BenP Monkey+ Site Supporter+

    Welcome! There are lots of good people here and lots of good information!

    We recently had a similar thread (New around here...) going with @Hillbilly549 that has some good information. I copied my off grid-power information below from that thread. In KY there is not much regulation in the county. If you want to be connected to the power grid the power company requires an electrical inspection. You are supposed to have a licensed installer get a permit and install your septic system, I finally decided this is just so they will know you built a house and can send the property valuation guy out to revalue your property for tax purposes. In KY if you have more than 10 acres you are pretty much free to do what you want.

    I ran 2 water lines from my wood stove location to my water heater location. We make hot water with the wood stove (Wood Stove Water Heater) in the winter and it saves tons of power. When you do need to make hot water you will want a heat pump water heater. In heat pump mode they only draw 400w vs 4500w for a standard water heater. They also help cool your house in the summer. $1300 at Lowes. Heat Pump Air Conditioner/Water Heater

    Drying clothes is another big power user, I found a heat pump dryer (Heat Pump Dryer) that only uses 400-500w vs. 4500w for a conventional dryer and does not require a vent. We just installed this set a few months ago and they work great.

    SAMSUNG DV22N6800HW 24" COMPACT HEAT PUMP DRYER WITH 4 CU. FT. CAPACITY, SMART CARE $848.75
    SAMSUNG WW22K6800AW 24" ENERGY STAR RATED FRONT-LOAD WASHER WITH 2.2 CU. FT. $675.00

    This is our solar setup, I just use standard breakers for all my DC current, the square D Q/O series from Lowes are rated for DC current.

    Solar Panels 2600W (bought a pallet on eBay for 50 cents per watt, free shipping.)
    Schneider Electric Conext XW MPPT 60 Amp Charge Controller (x2) ($500)
    Schneider Electric Conext SW 4024 3,400 Watts, 24VDC Inverter 120/240 VAC ($1400)
    Schneider Electric Conext XW+/SW System Control Panel (SCP) ($250)
    LiFePO4 Prismatic Batteries 24V, 300Ah ($4000)

    You can make your panel mounts out of uni strut, they sell it at most big box stores as well as the hardware for it. I also did not mention Air Conditioning but you can buy a mini-split air conditioning system on flee bay pretty cheap ($700-800) that will work if you are building a small house. They also have duct versions of the mini-split that I did not know about until after I bought ours. Here is a thread with some pictures of the uni strut and mini-split system: More Panels & Mini Split A/C
     
    Last edited: Apr 16, 2019
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  11. TnAndy

    TnAndy Senior Member Founding Member

    County restrictions are best answered at the county level, as it will vary from county to county depending on whether THAT county has adopted building codes or not. Look up the county offices and simply call them with questions if you want accurate answers.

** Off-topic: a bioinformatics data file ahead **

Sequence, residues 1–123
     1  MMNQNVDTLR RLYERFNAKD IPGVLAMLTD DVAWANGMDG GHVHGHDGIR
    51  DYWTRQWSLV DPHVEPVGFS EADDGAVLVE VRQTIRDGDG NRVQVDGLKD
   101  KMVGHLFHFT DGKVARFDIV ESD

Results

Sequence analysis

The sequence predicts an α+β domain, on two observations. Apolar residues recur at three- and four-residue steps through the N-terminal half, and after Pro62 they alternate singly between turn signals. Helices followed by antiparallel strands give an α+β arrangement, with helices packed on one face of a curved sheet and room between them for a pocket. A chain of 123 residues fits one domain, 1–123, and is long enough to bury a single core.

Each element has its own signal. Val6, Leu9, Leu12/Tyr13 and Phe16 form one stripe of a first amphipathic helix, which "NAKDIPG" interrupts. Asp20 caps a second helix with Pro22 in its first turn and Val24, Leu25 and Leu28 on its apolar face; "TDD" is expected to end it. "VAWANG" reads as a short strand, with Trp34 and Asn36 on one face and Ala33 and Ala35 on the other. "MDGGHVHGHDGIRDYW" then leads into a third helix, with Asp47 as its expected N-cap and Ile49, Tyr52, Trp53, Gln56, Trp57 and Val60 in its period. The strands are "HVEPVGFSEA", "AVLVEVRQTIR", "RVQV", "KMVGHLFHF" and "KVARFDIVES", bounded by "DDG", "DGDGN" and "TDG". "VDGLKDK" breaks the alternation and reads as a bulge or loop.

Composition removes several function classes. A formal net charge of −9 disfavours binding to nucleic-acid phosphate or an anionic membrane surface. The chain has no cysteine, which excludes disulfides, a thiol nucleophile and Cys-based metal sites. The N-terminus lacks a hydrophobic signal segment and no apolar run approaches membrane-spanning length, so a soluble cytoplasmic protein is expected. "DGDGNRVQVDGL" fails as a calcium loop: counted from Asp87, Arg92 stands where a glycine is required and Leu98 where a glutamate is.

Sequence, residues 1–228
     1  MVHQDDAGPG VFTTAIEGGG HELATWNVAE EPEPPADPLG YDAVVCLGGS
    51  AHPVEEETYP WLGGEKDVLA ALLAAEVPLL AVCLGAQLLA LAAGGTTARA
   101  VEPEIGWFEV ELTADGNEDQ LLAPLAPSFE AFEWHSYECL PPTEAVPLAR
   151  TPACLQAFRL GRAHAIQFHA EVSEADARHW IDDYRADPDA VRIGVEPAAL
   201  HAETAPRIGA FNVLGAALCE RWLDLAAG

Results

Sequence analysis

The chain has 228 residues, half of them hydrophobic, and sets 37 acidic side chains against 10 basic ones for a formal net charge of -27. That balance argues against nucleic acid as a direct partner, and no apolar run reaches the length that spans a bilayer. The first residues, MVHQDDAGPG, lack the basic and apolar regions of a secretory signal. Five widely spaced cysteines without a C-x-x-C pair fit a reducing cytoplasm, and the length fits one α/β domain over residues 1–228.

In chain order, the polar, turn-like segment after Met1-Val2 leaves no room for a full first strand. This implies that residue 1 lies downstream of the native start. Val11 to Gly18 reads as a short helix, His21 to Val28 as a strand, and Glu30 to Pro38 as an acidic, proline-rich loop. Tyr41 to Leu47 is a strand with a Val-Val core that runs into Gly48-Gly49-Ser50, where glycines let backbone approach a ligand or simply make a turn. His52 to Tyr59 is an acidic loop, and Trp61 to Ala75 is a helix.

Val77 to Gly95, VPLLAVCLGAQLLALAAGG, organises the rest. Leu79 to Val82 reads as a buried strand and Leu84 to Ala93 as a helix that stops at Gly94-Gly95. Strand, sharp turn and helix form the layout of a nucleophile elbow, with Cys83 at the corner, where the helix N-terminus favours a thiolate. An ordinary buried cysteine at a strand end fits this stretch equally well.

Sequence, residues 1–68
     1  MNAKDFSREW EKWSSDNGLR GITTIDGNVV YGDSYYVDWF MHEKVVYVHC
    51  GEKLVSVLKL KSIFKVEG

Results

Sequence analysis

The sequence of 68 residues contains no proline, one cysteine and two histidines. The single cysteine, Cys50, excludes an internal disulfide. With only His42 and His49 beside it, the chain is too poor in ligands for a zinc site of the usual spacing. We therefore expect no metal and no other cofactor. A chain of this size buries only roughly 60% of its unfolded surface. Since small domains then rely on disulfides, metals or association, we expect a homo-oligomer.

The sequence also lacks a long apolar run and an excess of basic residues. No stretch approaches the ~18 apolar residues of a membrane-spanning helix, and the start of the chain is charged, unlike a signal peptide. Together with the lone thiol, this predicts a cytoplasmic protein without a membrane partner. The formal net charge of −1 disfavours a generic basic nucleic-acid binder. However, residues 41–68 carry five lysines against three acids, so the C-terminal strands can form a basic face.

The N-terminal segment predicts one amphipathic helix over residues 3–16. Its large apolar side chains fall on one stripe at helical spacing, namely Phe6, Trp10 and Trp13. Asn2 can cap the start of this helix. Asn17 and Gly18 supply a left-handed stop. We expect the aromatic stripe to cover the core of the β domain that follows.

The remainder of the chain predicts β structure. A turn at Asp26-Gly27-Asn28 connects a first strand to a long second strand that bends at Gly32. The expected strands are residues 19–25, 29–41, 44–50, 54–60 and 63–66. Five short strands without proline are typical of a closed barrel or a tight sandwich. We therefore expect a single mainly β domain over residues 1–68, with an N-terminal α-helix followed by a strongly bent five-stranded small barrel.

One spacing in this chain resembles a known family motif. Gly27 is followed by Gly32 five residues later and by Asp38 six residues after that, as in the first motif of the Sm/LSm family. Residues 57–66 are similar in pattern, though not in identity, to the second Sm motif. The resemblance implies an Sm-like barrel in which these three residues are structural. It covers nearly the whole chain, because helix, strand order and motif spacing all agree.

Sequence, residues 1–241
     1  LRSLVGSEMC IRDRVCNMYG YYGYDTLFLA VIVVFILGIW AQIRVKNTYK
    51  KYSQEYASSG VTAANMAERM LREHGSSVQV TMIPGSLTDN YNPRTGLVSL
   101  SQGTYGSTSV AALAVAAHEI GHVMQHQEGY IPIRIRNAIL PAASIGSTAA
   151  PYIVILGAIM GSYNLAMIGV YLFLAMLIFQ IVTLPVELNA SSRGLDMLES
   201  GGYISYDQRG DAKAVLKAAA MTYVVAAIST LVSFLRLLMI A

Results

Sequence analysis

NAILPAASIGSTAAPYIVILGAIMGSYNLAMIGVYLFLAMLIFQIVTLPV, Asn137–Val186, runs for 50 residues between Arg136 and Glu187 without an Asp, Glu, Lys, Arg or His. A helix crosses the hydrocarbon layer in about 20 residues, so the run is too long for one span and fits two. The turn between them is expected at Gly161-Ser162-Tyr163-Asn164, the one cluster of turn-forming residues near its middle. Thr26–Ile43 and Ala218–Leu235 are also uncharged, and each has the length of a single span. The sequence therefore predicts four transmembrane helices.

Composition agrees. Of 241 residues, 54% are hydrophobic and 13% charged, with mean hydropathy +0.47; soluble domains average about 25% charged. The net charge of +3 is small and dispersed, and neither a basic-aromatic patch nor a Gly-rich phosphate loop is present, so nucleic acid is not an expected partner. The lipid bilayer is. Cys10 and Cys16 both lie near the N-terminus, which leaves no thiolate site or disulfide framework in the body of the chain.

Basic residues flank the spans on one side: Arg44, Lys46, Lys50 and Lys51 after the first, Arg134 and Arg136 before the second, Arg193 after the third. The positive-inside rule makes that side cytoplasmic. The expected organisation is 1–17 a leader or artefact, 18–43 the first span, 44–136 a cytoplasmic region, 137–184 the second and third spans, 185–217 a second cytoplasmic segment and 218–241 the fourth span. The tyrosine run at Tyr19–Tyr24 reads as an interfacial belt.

Connection to the grid will require NABCEP certified installer, assuming they will let you connect....TVA (the regions power supplier) has gotten more snarky as of late about private solar installs.....I think they have gone to favoring larger commercial solar 'farms'. Off grid solar does not require licensed anything.....however, that does not mean you should get a lot of good advice/guidance assuming you have no experience.

    As for a 6kw system for $8k.....not gonna happen for an AC system. As ghrit said above....DO NOT CHEAP OUT ON COMPONENTS..which is the first mistake most off grid systems make IMHO. Forget most of the crap you'll see on YouTube because there are a lot of idiots on there posting pure baloney.

    Panels: say 60 cents/watt x 6,000 = $3,600 (don't forget shipping)
    Racking/mounting (and please don't use wood)....say $1,000
    Combiner boxes: 300
    Wire/Disconnects/breakers/etc: 1500
    Charge controllers: (you'd need 2-3) 1000-1500
    Inverters (you'd need 2 or more to effectively use 6kw) 4,000 +

    The above (and I'm sure I've left out stuff, this was purely off the top of my head) is already at $11,000.....and we have gotten to batteries yet....a 48v, 800amp/hr set of L-16's (16 6v) is gonna run $250 x 16 = $4,000. You could get by with half that.....an 8 battery 400amp/hr set.....if you're willing to run a generator a lot more, or use a lot less power....but adding another set several years later is not a good idea mixing different age batteries.

    So you can see you're looking at nearly double your budget for a 6kw system.
     
  12. oil pan 4

    oil pan 4 Monkey+++

    Post here before you buy anything.
     
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  13. TnAndy

    TnAndy Senior Member Founding Member

    A note Ben.....unless the rating on them has changed, they are approved for DC up to, but not including, 48vDC.
     
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  14. BenP